Doha’s way of com­bat­ting the heat.


Athletics Weekly - - Contents -

DOHA is the first venue in the Mid­dle East to hold the IAAF World Cham­pi­onships but it will also be the first to fea­ture a pink track and a cool­ing sys­tem in­side the sta­dium.

It was the lat­ter that re­ceived most at­ten­tion when the Qatari cap­i­tal cel­e­brated its ‘one year to go’ mile­stone last week.

Around 3000 cool­ing ma­chines will pump cold air out into the stands and side of the track in or­der to bring tem­per­a­tures from roughly

40C in the day and 30C in the evening down to a more tol­er­a­ble 25-26C (po­ten­tially as low as 21C) for ses­sions.

The cold air will push the warm air up­wards and out of the Khal­ifa Sta­dium through a gap in the roof but the sys­tem will be turned off tem­po­rar­ily dur­ing com­pe­ti­tions so that it does not in­ter­fere with wind speeds on the track.

IAAF Coun­cil mem­ber Ge­off Gard­ner said: “I don’t know if the rest of the world re­ally be­lieved this was pos­si­ble but it’s an amaz­ing sys­tem and it shows that our cham­pi­onships can be con­ducted here in a good en­vi­ron­ment for ath­letes.”

The sys­tem, which will also be used in var­i­ous sta­dia in Qatar for the 2020 FIFA World Cup, is sus­tain­able in that it stores the rain­wa­ter that falls on the roof in a huge tank. The wa­ter is then cooled, if nec­es­sary, and piped back into the sta­dium to cool the air.

All this will be tested at the Asian Ath­let­ics Cham­pi­onships in April, fol­lowed by the Di­a­mond League in Doha in May.

World Cham­pi­onships tick­ets have also been launched, start­ing from €14 for taster ses­sions and more ex­pen­sive seats give spec­ta­tors the chance to sit in Arab-style cush­ioned Ma­jlis seat­ing.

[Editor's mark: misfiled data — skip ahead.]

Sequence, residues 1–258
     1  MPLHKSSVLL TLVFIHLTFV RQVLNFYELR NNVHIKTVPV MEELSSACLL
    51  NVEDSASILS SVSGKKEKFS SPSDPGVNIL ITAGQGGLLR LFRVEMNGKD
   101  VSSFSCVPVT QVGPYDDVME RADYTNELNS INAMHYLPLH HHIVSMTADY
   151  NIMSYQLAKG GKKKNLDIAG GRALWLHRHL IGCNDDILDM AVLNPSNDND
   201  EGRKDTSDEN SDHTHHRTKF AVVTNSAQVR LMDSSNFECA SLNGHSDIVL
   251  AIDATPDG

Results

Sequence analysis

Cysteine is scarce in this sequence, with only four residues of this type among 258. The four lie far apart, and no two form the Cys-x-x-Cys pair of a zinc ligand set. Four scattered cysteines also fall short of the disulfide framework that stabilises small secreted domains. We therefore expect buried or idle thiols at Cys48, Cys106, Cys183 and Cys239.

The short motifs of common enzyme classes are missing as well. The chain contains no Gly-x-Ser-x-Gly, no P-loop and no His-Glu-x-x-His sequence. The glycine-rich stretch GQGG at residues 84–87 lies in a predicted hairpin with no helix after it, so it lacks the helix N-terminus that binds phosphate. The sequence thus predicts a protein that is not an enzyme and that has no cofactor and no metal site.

As pre­vi­ously re­ported, the event will also see the first-ever mid­night marathon and a first 4x400m mixed re­lay, while the de­cathlon and hep­tathlon will take place on the same days.

IAAF pres­i­dent Seb Coe said: “Qatar has been host­ing of­fi­cial IAAF events for over 21 years and we have a trusted part­ner who is com­mit­ted to de­liv­er­ing a World Ath­let­ics Cham­pi­onships which makes a real dif­fer­ence to the world of ath­let­ics. With a year to go it is im­por­tant the foun­da­tions are in place, so the fi­nal year can be spent test­ing fa­cil­i­ties, sys­tems and ser­vices.”

As for qual­i­fi­ca­tion, the sys­tem com­bines IAAF world rank­ing po­si­tions, wild card in­vi­ta­tions (such as reign­ing world cham­pi­ons or Di­a­mond League lead­ers) and en­try stan­dards.

Hur­dles star Ab­der­rah­man Samba and high jumper Mu­taz Essa Barshim will be among the host na­tion’s top medal hopes – and Samba said: “My heart is al­ready rac­ing, and the adren­a­line is pump­ing just by stand­ing on the track.”

Khal­ifa In­ter­na­tional Sta­dium: will host next year’s IAAF World Cham­pi­onships

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